Our strategies showing anti-tumor effects by LLR

In a series of our own experiments carried out in the relatively radiosensitive BALB/c mice and the relatively radioresistant C57BL/6 mice, both single and multiple WBI with X-rays at total doses ranging from 0.05 to 0.2 Gy reproducibly suppressed development of the induced neoplastic colonies in the lungs. Since the mice were whole-body irradiated before inoculation of the syngeneic tumor cells, the obvious suggestion was that the low-level X-ray exposures stimulated systemic innate anti-neoplastic reactions. Although we were not able to directly estimate the activities of immune cells in the lungs, a significant stimulation of the cytotoxic activities of NK cells and LPS- and IFN-γ-stimulated macrophages obtained from the spleen and peritoneal cavity, respectively, was detected in the X-ray-exposed mice from both strains. Interestingly, no elevation of the activities of these cells was detected after their in vitro irradiation at the same doses of X-rays indicating that enhancing of the NK- and macrophage-mediated cytolytic functions by LLR depends on the presence of factors occurring in in vivo but not the in vitro conditions [81, 82, 83, 84, 85, 86, 87, 88, 89, 90, 176, 177, 178, 179].

Clinical trials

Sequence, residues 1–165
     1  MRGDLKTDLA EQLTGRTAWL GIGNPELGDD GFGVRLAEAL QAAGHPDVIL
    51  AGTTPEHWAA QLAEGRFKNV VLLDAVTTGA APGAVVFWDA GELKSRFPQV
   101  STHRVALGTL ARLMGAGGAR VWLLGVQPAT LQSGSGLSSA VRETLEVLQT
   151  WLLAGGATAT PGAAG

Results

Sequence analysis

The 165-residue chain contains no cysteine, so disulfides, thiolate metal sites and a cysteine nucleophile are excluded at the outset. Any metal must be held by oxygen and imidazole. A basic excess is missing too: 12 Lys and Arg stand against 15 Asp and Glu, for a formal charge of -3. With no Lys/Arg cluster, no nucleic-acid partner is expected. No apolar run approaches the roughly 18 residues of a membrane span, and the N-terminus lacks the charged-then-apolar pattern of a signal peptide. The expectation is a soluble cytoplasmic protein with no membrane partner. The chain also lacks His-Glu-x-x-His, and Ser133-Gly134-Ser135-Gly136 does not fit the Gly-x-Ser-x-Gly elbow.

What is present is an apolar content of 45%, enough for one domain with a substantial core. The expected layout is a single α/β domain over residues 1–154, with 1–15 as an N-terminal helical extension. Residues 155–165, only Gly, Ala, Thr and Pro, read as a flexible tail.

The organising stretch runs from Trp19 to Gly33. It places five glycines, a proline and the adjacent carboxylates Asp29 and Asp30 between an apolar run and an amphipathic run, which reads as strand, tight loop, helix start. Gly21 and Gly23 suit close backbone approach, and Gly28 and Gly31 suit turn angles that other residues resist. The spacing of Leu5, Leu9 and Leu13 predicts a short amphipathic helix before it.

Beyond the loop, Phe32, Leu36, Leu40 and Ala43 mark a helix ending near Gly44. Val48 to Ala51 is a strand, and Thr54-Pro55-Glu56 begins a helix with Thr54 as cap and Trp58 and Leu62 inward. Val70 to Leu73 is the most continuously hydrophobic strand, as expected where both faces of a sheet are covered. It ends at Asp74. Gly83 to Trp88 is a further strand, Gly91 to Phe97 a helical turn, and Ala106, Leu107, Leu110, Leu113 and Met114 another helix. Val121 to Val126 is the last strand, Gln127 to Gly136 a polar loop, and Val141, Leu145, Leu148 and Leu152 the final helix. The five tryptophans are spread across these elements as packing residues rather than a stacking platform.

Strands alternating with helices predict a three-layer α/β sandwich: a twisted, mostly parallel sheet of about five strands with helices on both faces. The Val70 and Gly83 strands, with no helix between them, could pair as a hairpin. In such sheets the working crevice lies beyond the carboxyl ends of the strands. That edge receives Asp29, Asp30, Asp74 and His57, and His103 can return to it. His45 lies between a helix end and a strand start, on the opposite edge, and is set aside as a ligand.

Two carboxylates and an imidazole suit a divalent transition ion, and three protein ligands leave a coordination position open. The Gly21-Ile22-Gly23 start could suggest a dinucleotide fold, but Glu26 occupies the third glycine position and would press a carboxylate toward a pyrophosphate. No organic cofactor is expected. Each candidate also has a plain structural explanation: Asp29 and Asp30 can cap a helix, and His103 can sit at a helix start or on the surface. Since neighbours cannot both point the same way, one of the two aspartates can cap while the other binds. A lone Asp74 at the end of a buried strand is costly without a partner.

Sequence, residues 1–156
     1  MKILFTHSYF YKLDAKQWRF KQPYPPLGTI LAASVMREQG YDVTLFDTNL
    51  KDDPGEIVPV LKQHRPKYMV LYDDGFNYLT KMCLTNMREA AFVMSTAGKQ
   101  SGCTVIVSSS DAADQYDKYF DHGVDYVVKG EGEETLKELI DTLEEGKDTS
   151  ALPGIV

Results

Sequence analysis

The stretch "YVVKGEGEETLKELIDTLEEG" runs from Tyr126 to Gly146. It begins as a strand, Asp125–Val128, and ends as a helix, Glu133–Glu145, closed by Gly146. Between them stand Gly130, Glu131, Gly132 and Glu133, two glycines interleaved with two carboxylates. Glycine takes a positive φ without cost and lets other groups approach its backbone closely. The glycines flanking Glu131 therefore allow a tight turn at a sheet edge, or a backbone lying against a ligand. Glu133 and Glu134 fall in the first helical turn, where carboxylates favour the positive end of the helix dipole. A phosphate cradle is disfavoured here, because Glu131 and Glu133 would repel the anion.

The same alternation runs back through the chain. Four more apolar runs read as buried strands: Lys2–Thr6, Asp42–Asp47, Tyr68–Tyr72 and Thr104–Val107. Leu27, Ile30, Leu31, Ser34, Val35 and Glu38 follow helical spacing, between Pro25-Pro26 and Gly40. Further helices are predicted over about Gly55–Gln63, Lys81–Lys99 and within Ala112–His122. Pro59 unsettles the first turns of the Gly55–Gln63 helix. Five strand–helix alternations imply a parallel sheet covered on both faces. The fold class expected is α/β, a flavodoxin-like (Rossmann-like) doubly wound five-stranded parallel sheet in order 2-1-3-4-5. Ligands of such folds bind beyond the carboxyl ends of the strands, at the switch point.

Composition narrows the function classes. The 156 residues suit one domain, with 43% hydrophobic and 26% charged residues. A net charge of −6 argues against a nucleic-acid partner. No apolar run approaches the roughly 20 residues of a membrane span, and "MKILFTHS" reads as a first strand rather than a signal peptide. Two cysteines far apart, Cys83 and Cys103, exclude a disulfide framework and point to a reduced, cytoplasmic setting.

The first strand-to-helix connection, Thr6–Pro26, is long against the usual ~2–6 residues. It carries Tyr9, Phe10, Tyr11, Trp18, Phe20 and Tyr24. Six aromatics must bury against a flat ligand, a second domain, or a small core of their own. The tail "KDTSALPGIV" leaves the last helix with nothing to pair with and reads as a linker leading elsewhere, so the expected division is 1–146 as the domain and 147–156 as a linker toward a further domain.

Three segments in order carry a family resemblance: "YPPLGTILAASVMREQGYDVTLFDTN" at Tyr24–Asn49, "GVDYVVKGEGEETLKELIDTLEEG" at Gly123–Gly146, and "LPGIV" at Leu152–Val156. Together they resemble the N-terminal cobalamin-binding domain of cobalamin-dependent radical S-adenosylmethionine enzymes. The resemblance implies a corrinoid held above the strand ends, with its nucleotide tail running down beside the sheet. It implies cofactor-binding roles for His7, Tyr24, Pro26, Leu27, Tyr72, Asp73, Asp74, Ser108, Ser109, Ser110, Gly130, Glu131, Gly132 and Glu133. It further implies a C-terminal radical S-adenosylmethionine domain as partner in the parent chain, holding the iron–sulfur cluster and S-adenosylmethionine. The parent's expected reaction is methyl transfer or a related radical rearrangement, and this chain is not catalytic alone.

The above-described epidemiological and experimental observations of anti-neoplastic and immunomodulatory effects of LLR exposures provide grounds for clinical trials with WBI or HBI of oncological patients [101, 180]. Even before the aforementioned evidence gained significance, a few LLR-based therapy trials had been performed. In 1965, Holder reported on positive therapeutic effects of the low-level total-body irradiation of patients with multiple myeloma [181]. In 1975, Kazem described curative effects of WBI (0.15 Gy of γ-rays daily for the first 5 days and thereafter at 0.1–0.15 Gy every other day or at longer intervals to the total doses of 2.0–2.65 Gy applied over 5–12 weeks) of patients with disseminated stage III lymphomas [182]. Likewise, Chaffey et al. obtained complete remissions in 32 out of 40 patients with advanced lymphocytic lymphoma after repeated WBI (0.15 Gy twice a week to a total dose of 1.5 Gy) as an initial and only primary therapy [102]. Very promising results of low-level total-body exposures to γ-rays of patients with non-Hodgkin’s lymphoma (NHL) were also reported by Qasim [183] and Choi et al. [103]. In one of the later trials, 24 out of 26 patients with stage IV low grade NHL were in complete remission after two courses of low-dose, total-body irradiation at 0.75 Gy given in five fractions; when the initially pathological lymph node areas of these patients were 1 month later treated with the conventional RT (total dose of 40 Gy applied in 20 fractions), the disease remitted in yet another patient [184]. Similarly, Safwat et al. who used low-level total-body exposures (0.1–0.25 Gy several times a week to the total dose of 1.5–2.0 Gy) obtained complete remissions in 11 out of 35 patients and 2-year progression-free survival in 12 patients with relapsed and/or chemo-resistant NHL; in 14 patients, a significant increase in the percentage of CD4+ T cells in the blood was noted [105]. In addition, as demonstrated by Sakamoto et al., low-dose HBI with X-rays (0.1–0.15 Gy two times a week for 5 weeks) combined with local RT (2 Gy five times a week for 6 weeks) resulted in the 5-year survival of 84% of patients with stage I and II NHL as compared to 65% survival of patients treated solely with local RT (the difference significant at p < 0.05); in these patients, percentages of peripheral blood CD4+ T helper lymphocytes were significantly elevated [100].